This week we’re featuring a poem by Katie Bickham, winner of this year’s Editor’s Prize. The poem features in our brand new Editor’s Prize spring issue, 35.5 (the ladder issue). Katie Bickham was born and raised in the Deep South and finds much of her writing turning itself toward her home state of Louisiana. After receiving her BA in English and MA in Liberal Arts from Lousiana State University in Shreveport, Katie took Steinbeck’s maxim (“You can never really write about a place until you leave it”) to heart, and is nearing the completion of her MFA at Stonecoast at the University of Southern Maine. Her poems have appeared in Deep South Magazine and The Road Not Taken: A Journal of Formal Poetry.
How much does place affect the people we become? And not just the place as it is now, but the history of the place? Do buildings and walls remember, and if so, do they speak? And if so, are we listening? These poems are taken from a collection called The Belle Mar. The Belle Mar is a fictional plantation in South Louisiana (loosely based on a real one called The Belle Rive). Each poem in the work takes place in a different room in the house in a different year. All my life I have felt stretched between a deep love of my home and something very near disgust for it. Am I who I am because of Louisiana’s grim history, or in spite of it? These poems try to “squeeze the universe into a ball” (or a house), with the house itself bearing witness to the ugliness, beauty, the hatred of others, the hatred of self, and the ghosts that haunt its own walls. How have we changed? How have we failed to? If we think of our own hearts as having many chambers, many rooms, which are the ones we keep locked? Which are the ones we, ourselves, are locked inside?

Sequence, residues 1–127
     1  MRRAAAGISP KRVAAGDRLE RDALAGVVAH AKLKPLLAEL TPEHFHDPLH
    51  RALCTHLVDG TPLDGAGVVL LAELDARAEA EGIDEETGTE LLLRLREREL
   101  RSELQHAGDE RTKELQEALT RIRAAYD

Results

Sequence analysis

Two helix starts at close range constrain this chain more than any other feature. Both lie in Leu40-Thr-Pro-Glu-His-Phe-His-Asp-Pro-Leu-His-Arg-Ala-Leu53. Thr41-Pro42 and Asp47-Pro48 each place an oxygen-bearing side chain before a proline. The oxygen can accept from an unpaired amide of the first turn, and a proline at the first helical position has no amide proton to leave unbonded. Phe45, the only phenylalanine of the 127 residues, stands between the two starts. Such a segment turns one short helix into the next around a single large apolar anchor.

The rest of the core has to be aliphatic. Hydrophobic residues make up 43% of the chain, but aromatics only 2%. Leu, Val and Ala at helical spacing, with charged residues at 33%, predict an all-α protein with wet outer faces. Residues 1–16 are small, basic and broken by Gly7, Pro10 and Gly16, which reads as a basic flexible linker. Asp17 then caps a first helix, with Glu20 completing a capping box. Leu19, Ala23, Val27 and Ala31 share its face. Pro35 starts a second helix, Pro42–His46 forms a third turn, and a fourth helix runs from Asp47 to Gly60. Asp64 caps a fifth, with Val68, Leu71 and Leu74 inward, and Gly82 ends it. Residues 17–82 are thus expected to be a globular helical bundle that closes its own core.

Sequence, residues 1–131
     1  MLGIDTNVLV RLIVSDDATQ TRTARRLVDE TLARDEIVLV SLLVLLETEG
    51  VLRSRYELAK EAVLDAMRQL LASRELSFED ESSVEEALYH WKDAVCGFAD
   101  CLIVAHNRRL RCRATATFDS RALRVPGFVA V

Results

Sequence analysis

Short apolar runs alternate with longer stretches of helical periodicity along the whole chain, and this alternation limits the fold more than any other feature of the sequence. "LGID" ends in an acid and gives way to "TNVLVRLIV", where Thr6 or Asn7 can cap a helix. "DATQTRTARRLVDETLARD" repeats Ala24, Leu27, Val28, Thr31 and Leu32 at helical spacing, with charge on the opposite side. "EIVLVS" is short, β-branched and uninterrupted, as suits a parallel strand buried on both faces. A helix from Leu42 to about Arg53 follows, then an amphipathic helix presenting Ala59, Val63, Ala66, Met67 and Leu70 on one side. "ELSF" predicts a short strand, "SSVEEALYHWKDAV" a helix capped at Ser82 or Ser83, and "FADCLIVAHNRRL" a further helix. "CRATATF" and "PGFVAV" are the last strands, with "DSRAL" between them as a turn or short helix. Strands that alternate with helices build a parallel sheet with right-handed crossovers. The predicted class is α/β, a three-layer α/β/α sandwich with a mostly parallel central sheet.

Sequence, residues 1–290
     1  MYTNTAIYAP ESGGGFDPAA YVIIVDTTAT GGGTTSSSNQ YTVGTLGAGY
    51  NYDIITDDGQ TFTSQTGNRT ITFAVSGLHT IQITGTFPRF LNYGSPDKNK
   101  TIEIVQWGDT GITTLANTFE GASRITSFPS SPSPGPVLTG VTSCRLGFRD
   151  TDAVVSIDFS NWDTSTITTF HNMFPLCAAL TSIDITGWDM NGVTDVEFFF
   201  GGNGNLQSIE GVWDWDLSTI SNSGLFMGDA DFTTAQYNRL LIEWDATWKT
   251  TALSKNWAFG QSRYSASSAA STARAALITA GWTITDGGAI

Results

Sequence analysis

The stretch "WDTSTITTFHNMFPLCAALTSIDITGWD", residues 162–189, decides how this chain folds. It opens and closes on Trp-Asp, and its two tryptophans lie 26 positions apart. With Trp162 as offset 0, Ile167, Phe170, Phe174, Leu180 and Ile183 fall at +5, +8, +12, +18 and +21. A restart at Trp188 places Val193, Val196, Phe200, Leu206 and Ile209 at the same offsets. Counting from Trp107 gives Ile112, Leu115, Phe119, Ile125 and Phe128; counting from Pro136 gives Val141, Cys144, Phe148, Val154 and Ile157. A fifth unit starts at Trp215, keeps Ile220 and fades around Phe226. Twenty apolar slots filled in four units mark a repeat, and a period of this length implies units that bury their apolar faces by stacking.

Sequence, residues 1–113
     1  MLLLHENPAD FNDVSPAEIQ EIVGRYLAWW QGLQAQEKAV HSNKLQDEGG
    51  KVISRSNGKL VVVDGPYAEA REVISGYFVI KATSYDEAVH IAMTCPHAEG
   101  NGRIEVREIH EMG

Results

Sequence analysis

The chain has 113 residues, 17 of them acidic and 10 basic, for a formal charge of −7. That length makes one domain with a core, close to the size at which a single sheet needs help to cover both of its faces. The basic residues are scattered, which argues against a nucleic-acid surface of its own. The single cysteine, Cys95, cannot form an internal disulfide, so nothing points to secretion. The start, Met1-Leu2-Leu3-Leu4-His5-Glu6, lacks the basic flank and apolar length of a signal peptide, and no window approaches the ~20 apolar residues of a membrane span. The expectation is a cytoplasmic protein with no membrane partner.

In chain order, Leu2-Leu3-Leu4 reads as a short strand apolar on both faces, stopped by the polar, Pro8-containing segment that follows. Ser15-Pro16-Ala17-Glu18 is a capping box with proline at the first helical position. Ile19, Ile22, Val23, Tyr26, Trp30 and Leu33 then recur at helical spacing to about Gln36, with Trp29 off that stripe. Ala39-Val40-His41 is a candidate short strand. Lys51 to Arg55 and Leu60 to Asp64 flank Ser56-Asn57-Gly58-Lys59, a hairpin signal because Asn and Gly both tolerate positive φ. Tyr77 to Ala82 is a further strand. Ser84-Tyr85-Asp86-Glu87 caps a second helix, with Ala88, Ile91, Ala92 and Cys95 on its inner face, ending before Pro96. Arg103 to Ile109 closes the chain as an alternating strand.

Widow’s Walk, 1917